GHOSTS To 3 July.

Touo.

GHOSTS
by Henrik Ibsen new version by Frank McGuinness.

London Classic Theatre in association with Theatre Royal Winchester Tour to 3 July 2011.
Runs 2hr 15min One interval.
Review Mark Courtice 18 March at Theatre Royal Winchester.

Home turned into austere Hell.
Oswald Alving has returned to the home he was kept out of when he was young, so he wouldn’t come under the influence of his vicious father. Now his widowed mother looks forward to welcoming her son back as she arranges for the opening of an orphanage named as a memorial to the old goat. Oswald famously carries a sinister inheritance from his father; he knows he is dying of syphilis.

Ibsen was characterised as degenerate for using the heritability of what was both unmentionable and incurable to signify the damage that vice and the hypocrisy that masks it does to society. Of course he was fiercely moral; the orphanage burns down and Oswald is the end of a line. Ibsen may extend the definition of sin but the wages of sin are annihilation.

Michael Cabot’s austere production is of Frank McGuiness’s version. The villagers including the Pastor have Irish accents; the queasy mixture of venality, hypocrisy and hierarchical religion make good sense here, as does Mrs Alving’s struggle with political small-mindedness.

Helene Alving’s drawing room is sketched by Kerry Bradley’s design, with cream painted walls, bare of decoration, and is dotted with uncomfortable chairs. For a young man back from Paris who wants to be a painter nothing could be further from welcoming. The technical sparseness means there is little of the outside world so important to Ibsen’s theatrical vision.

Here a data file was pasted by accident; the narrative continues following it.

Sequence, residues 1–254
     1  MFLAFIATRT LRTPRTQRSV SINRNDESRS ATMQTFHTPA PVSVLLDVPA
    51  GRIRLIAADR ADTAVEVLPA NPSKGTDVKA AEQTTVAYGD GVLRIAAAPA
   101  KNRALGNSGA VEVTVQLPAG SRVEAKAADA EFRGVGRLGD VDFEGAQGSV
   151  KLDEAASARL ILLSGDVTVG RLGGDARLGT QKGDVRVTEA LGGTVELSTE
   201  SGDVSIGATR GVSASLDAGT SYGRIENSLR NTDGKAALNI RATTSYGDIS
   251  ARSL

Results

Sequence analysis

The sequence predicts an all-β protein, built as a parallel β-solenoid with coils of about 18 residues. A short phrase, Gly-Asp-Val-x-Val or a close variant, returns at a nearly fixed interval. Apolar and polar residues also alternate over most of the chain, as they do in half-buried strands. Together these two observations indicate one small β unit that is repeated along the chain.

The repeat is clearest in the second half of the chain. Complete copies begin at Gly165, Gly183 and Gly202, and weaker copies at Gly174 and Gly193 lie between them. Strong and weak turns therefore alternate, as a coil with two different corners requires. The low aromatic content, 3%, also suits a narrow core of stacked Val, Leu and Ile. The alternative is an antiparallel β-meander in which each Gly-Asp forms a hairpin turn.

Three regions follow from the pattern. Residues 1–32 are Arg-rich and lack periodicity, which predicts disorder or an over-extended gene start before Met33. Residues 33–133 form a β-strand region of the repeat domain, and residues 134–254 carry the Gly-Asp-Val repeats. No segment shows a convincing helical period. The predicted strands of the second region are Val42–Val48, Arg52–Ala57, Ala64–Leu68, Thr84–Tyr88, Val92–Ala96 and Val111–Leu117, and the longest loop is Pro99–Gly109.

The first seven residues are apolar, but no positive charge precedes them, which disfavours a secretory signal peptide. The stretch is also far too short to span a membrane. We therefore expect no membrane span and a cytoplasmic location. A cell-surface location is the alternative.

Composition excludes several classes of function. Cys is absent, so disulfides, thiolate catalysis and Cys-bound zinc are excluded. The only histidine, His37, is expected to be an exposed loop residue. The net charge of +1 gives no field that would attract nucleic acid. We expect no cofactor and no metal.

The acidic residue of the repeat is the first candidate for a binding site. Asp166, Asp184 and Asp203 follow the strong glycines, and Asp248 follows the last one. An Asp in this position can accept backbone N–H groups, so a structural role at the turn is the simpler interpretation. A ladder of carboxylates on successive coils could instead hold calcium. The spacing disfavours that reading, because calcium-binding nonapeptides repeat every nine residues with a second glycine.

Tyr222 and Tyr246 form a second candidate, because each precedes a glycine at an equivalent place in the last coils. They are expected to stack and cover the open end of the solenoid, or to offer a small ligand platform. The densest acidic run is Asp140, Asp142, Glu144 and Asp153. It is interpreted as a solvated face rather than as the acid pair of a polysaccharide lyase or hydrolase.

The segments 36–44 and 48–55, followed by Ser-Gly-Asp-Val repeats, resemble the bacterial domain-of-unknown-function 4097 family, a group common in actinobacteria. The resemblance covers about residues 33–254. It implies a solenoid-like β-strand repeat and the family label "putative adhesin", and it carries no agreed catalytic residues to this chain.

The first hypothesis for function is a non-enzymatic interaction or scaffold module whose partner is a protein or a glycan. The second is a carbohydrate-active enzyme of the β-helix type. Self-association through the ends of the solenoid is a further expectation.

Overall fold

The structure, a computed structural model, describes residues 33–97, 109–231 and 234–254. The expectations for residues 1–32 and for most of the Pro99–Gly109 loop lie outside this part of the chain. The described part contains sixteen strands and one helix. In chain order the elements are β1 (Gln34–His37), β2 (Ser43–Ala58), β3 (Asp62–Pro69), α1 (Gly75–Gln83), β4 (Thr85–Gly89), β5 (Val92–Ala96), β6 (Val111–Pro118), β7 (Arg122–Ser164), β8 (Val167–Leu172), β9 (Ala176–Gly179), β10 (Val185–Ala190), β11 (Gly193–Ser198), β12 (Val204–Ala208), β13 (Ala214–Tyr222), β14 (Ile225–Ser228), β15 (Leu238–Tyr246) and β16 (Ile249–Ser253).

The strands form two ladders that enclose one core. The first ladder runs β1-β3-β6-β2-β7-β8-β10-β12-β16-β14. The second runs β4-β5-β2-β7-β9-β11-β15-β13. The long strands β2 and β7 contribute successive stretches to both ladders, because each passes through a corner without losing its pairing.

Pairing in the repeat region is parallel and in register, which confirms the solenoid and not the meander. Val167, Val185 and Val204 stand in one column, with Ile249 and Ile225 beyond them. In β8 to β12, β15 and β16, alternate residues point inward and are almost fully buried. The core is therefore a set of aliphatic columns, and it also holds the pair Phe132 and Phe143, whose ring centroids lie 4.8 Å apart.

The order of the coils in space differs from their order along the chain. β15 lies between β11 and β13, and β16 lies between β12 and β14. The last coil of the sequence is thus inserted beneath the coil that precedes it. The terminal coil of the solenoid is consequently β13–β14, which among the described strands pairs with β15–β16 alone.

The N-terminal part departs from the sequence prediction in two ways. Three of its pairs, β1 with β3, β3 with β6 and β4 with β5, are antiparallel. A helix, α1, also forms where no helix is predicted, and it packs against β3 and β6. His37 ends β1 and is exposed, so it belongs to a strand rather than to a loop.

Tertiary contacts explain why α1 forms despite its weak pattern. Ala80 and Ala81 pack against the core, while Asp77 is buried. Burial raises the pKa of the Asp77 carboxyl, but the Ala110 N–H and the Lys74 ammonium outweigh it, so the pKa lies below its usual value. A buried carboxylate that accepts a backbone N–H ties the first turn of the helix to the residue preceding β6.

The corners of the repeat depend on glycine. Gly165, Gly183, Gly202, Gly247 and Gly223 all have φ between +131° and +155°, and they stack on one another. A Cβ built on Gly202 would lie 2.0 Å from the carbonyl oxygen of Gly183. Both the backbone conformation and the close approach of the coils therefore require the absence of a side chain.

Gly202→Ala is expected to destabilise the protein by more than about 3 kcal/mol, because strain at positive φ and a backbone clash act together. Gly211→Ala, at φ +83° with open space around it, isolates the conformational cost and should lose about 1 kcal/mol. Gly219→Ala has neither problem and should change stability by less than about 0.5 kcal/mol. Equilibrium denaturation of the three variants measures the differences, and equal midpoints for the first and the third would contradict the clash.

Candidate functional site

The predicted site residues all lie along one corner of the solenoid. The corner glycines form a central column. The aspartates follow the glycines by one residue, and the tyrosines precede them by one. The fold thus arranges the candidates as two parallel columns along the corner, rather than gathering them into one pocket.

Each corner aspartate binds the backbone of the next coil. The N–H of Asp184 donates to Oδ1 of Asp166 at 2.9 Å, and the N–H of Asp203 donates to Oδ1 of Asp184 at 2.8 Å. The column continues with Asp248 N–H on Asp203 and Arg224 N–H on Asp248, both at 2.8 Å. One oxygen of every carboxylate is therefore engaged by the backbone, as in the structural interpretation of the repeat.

Cabot rigorously pares things down, so – although it’s decently and neatly done – the production seems in awe of the classic status of the play. This bleakness is carried through into the performances, especially those of Brendan Fleming as the ghastly Pastor Manders and Abby Leamon as the young maid, Regine. These feel one-paced; he is never driven by more than unfeeling religiosity and she has little of the equivocation (or the sensuality) that the character needs – all that’s left is the drive to escape her constrained surroundings.

There’s more complexity from Hasan Dixon as Oswald, and Pauline Whitaker as Mrs Alving responds to this so the final scene is frightening and moving.

Regine: Abby Leamon.
Engstrand: Peter Cadden.
Pastor Manders: Brendan Fleming.
Helene Alving: Pauline Whitaker.
Oswald: Hasan Dixon.

Director: Michael Cabot.
Designer: Kerry Bradley.
Lighting: Paul Green.
Costume: Philippa Mumford.

2011-03-23 20:29:07

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